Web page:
While Senate Field Shrinks, House Field Keeps Growing

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Republicans are touting a new slew of House polls that show nine Democratic incumbents previously considered safe, now in close races or previously in close races now getting blown out.The list includes:

-Mike Kelly (R) 56, Kathy Dahlkemper (D) 39 - Pennsylvania's 3rd (Erie, Pittsburgh's northern suburbs)

-Daniel Webster (R) 46, Alan Grayson (D) 30 - Florida's 8th District (suburban Orlando).

-Steve Stivers (R) 51, Mary Jo Kilroy (D) 39 - Ohio's 15th District (Western Columbus and environs)

-Tom Marino (R) 44, Chris Carney (D) 37 - Pennsylvania's 10th District (Northwestern)

-Chris Gibson (R) 48, Scott Murphy (D) 45 -New York's 20th District (Hudson Valley, Catskills)

-Bobby Schilling (R) 44, Phil Hare (D) 41 - Illinois' 17th District (Northern Mississippi Valley)

-Morgan Griffith (R) 44, Rick Boucher (D) 44 - Virginia's 9th District (Southwestern)

-Bill Johnson (R) 40, Charlie Wilson (D) 40 - Ohio's 6th District (Southern Ohio River Valley)

The list also includes three seats left open by retiring Democrats:-Jeff Perry (R) 44, Bill Keating (D) 42 -- Massachusetts' 10th District (Cape Cod)

-Scott Bruun (R) 44, Kurt Schrader (D) 42 - Oregon's 5th District (North coast, Portland suburbs, east to the Cascade Mountains)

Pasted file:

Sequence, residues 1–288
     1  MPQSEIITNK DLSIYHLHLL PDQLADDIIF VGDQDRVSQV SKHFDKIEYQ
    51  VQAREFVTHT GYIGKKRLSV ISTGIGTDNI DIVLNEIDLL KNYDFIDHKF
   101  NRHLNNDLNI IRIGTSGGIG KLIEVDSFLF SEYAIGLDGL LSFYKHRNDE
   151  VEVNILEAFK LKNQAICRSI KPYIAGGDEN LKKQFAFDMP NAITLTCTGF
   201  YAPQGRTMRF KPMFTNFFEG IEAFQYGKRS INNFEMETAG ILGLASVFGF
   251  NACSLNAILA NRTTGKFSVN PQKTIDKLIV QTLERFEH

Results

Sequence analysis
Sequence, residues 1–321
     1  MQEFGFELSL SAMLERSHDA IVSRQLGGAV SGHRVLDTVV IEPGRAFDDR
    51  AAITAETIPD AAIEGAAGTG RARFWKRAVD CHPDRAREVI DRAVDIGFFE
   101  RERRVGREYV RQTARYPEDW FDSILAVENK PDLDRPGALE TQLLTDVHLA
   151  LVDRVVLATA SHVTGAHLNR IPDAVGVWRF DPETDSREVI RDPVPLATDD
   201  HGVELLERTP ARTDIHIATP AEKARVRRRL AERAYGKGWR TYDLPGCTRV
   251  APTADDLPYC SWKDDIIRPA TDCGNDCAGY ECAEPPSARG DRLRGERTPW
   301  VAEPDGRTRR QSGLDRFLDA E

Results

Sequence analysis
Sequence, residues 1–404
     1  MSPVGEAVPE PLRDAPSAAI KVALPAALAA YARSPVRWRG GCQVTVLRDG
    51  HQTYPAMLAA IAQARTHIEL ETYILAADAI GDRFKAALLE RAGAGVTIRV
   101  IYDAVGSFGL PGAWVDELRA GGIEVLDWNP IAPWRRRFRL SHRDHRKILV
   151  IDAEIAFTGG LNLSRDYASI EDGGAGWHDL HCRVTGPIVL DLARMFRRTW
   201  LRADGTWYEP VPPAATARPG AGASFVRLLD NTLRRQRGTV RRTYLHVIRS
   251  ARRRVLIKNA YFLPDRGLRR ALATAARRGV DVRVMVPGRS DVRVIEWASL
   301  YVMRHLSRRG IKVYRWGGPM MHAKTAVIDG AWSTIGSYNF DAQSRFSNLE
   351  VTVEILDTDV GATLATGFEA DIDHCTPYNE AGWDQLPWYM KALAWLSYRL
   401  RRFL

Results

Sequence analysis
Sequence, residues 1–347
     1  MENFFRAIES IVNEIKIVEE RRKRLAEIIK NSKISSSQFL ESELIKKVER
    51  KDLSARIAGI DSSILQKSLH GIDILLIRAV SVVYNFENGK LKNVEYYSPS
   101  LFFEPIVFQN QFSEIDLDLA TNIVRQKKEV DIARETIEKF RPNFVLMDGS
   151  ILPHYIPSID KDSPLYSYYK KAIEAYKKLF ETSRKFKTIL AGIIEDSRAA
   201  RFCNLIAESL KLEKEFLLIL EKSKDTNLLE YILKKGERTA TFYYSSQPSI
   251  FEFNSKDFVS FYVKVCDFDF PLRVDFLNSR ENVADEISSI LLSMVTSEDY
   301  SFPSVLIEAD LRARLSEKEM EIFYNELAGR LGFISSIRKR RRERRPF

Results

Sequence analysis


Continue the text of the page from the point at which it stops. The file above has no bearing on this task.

-Jaime Herrera (R) 51, Denny Heck (D) 39 - Washington's 3rd District (Southwestern corner, Olympia)

These are GOP polls, so we might do well to keep one eyebrow arched when reading them. But, what these numbers illustrate is kind of remarkable.These are all districts that just a few months ago were either not being considered as potential pickups for Republicans that now look close or races predicted to be battlegrounds that now look like Republican blowouts.

Certainly there are Republican polls that show lots of long shots not paying off, but the diversity of districts and the number of safe districts now in play makes Democrats' job much harder.

We've seen President Obama focus on a tightening band of Senate races in an effort to preserve a majority, but the current trend seems to be the reverse in the House.

Rather than constricting, the number of competitive races and Republican opportunities actually seems to be expanding. Part of this is just that we are starting to notice because of new polling. Part of this is because Republican optimism led many candidates to compete for seats considered out of reach before. But another part seems to be that old rascal "voter intensity" where a changing electorate makes for more favorable GOP ground.